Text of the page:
His remark and the expression on his face infuriated her.  “I am not jealous,” she retorted.  “To be jealous would imply that I have feelings for you, which I do not.”

He moved closer to her and she backed away, her eyes wary now.  “Look me in the eye and tell me that you don’t have feelings for me and I will pursue the matter no further.”

She glanced frantically at the door, longing to make her escape but he advanced toward her like a tiger while she backed away until she felt the wall behind her.  “Mr. Suchet, if you are indeed a gentleman as you would have me believe, you will permit me to leave right now.  The coach is waiting downstairs for me.  I must return home before my family begins to wonder where I am.”

He was standing very close to her now.  His eyes held hers like a trap holding a helpless bird.  “Tell me now that you don’t have any feelings for me,” he insisted.

Her eyes were wild now, with fear and something else which she hadn’t wanted him to see.  Her breath was quick and laborious and her heart was pounding.  She closed her eyes in defeat.  “I can’t” she admitted.

She felt his warm breath against her cheek.  “I have feelings for you too.  Feelings I have had ever since the first time I saw you.  I tried to fight them because was painfully aware of the difference in our stations but they are too strong.”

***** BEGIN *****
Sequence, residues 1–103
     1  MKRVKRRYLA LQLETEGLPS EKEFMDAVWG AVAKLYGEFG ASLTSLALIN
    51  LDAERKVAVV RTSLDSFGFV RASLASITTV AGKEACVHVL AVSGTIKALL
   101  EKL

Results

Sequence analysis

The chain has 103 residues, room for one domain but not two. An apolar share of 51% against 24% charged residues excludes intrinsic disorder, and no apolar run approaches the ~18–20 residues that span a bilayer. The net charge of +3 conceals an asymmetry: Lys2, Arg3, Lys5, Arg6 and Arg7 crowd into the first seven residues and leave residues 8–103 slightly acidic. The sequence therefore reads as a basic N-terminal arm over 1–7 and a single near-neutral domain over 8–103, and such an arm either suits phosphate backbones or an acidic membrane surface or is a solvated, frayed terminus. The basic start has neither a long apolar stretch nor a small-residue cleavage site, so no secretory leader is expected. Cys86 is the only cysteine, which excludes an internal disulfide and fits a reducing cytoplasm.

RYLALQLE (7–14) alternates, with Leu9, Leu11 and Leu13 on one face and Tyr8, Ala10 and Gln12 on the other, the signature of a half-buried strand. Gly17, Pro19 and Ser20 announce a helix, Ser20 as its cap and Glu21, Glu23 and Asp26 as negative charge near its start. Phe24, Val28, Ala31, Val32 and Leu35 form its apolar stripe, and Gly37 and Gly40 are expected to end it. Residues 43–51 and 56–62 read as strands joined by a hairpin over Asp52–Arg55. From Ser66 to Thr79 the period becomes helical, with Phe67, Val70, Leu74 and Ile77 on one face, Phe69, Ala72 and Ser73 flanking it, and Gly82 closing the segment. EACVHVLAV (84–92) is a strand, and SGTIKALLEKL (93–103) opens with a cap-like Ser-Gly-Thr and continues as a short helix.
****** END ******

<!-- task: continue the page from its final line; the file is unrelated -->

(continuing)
“What about Miss Foster?” she asked.  Seeing them together had filled her heart with such jealousy and pain that she had wanted to bolt from the room.  Instead, she had turned her attention to the gentleman who paid her some attention.

“There is nothing between Miss Foster and me, I assure you.  What about you and Mr. Wright.  I saw how receptive you were to his attentions.  I was mad with jealousy but propriety kept me in check.”

“It was the wish of my family that I should marry him as he was the only gentleman who would marry a woman of color.  I suspect that his reason for wanting to marry me had more to do with my fortune.”

“Is it your wish to marry him?” he asked anxiously.

She shook her head.  “No.  I turned him down and my family was not at all pleased. They fear that I shall die a spinster as there will be no more prospects of marriage for me.”

“Would you have a problem marrying the son of a vicar?”

“Are you asking me to marry you, Mr. Suchet?”

“Yes.”

“Then, my answer is yes.”  Her family would not approve of this match but she could not bring herself to marry for any other reason but for love.  And she loved Lucius Suchet, a man without fortune but a gentleman, nevertheless.

He swept her up into his arms and swung her around.  Then he bent his head and kissed her.  “I love you, Ivy,” he whispered when he drew back to gaze down into her upturned face.

“And I love you, Lucius.  I almost allowed pride and station to rob me of this happiness.”

“I believe that Providence had a hand to play in this,” he said.  “It is what gave me the courage to press you about your feelings for me.”

“I am thankful, then to Providence,” she said with a smile.  “It brought me to my senses.”

 

 

The Vicar’s Daughter

After she had put some distance between Mr. Rivers’ property and herself, Dora stopped to examine her torn dress.  She was panting and her heart was racing.  She was lucky that all she suffered from her foolish decision to take a shortcut through Mr. Rivers’ property was a torn skirt.  He had set his savage dogs on her, “That will learn you to trespass on my property,” he yelled as she ran for her life with the two beasts in hot pursuit.  How she managed to escape the jaws of death, she didn’t know.  Perhaps it was the Lord showing her mercy.